Getting fetus’ genetic makeup from mother blood test
2012 07 06

By Sharon Begley | Reuters.com

The days of pregnant women having a 3-inch-long (8-centimetre-long) hollow needle jabbed into their abdomens may be numbered.

For the second time in a month, scientists have announced that a simple blood test, rather than more invasive tests such as amniocentesis, can determine a fetus’s genetic make-up, identifying mutations causing any of about 3,000 inherited disorders that arise from a glitch in a single gene, such as cystic fibrosis.

Unlike a procedure unveiled last month, the one announced Wednesday in the journal Nature can be done without knowing who the father is, much less obtaining a sample of his DNA. Since paternity is unknown or incorrect in an estimated 3 to 10% of births in the United States, the father-free method promises to make fetal DNA sequencing possible in every pregnancy, if hurdles including cost and accuracy are overcome.

"We’re really on the verge of an enormous increase in our ability to understand what an infant will be like," said Dr Michael Katz, a senior adviser to the March of Dimes, a foundation that supports research on pregnancy and birth defects. Katz was not involved in the study. "You’ll be able to detect any kind of abnormality early, quickly, without distress and safely. This is the way of the future."

Determining a fetus’s genome might give women more reasons to end a pregnancy. But it would also let physicians identify conditions that can be treated before birth or immediately after, said Stephen Quake of Stanford University in California, who led the new study: "The way it’s done now, parents wait until a newborn gets sick and suffers in the first weeks of life, and only then does the doctor start figuring out the baby has a metabolic or immune disorder."

With prenatal genetic testing, in contrast, the parents would know by the end of the first trimester (12 to 13 weeks) if the fetus has a genetic or chromosomal defect. That way, they can be ready if the baby has special needs, which can be as simple as a certain diet.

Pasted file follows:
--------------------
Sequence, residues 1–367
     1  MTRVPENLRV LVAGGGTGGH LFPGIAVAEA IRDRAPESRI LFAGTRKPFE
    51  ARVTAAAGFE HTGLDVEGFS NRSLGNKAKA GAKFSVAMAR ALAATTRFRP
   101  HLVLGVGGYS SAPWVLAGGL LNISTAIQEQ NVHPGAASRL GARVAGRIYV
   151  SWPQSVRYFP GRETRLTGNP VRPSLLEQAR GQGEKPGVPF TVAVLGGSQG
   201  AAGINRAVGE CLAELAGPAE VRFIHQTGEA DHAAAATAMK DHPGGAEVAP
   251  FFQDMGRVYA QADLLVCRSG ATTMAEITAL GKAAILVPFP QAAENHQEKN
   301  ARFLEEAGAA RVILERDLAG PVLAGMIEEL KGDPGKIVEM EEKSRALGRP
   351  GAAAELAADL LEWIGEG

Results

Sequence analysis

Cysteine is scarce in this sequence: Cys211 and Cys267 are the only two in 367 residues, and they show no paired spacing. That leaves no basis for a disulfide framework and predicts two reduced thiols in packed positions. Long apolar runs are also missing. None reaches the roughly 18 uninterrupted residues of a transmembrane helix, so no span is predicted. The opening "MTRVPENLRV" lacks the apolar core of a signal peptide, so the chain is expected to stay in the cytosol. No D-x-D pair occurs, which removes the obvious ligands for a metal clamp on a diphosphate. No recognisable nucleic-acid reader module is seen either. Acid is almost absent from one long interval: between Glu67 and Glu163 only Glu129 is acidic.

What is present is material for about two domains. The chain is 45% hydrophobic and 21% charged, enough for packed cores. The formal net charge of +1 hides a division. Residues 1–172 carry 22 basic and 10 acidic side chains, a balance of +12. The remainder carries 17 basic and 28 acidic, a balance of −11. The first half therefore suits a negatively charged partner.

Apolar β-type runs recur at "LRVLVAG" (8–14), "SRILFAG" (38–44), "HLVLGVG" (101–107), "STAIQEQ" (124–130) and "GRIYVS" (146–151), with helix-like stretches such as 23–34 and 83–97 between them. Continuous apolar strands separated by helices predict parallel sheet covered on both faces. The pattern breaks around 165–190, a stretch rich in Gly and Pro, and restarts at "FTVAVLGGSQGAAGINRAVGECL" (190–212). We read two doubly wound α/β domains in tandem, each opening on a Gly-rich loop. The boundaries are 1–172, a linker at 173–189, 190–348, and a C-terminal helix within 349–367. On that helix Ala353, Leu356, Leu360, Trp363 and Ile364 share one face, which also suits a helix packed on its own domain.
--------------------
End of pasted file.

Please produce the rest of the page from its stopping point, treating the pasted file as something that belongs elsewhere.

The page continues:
[...]



Read the full article at: canoe.ca





Entire genome of fetus sequenced without DNA from man






Related Articles
Bones of 200 soldiers from time of Christ so well preserved in bog that their DNA can be studied
Madonna using ’DNA sterilization’ team on tour
Why aliens might look like you: DNA could be a ’universal constant’
Evolution seen in "synthetic DNA"


Latest News from our Front Page

Our Fears May Be Shaped by Ancestral Trauma
2014 04 18
Last December, an unsettling Nature Neuroscience study found that mice who were taught to associate the smell of cherry blossoms with pain produced offspring who feared the smell of cherry blossoms, even if they had never been exposed to it before. We knew that the process was epigenetic—that it was not hard-wired in the permanent genetic structure of the mouse—but ...
Tiny Micro Robots Build Things in ‘Microfactory’
2014 04 17
The teenie-weeniest robot uprising ever might be sooner rather than later due to the work of research institute SRI. Don’t let these microbots’ size fool you, there is power in numbers and thousands of the robots can work together to perform tasks at dizzying speed. From ReCode.net: SRI International has developed a new generation of ant-like robots that can work as ...
’We are not dead yet’: Heartbreaking text messages sent from schoolchildren trapped aboard South Korean ferry
2014 04 17
Passengers on board the South Korean ferry sent heartbreaking messages to their family members just moments before it sank. Children waiting to be rescued frantically reached for their phones as the boat began to list in a bid to communicate with their loved ones a final time. Twenty-four people, including five students and two teachers, have been found dead, but 272 are ...
"A world of pure imagination": How Occupy turned to "anarchy"
2014 04 17
In the closing ceremonies of London’s 2012 Summer Olympics, comedian Russell Brand, perched atop the Beatles’ "Magical Mystery Tour" bus, opened his performance by singing the first lines of "Pure Imagination" from the movie Willy Wonka: Come with me And you’ll be In a world of Pure imagination ...
Artists ’have structurally different brains’
2014 04 17
Artists have structurally different brains compared with non-artists, a study has found. Participants’ brain scans revealed that artists had increased neural matter in areas relating to fine motor movements and visual imagery. The research, published in NeuroImage, suggests that an artist’s talent could be innate. But training and environmental upbringing also play crucial roles in their ability, the authors report. As in many areas ...
More News »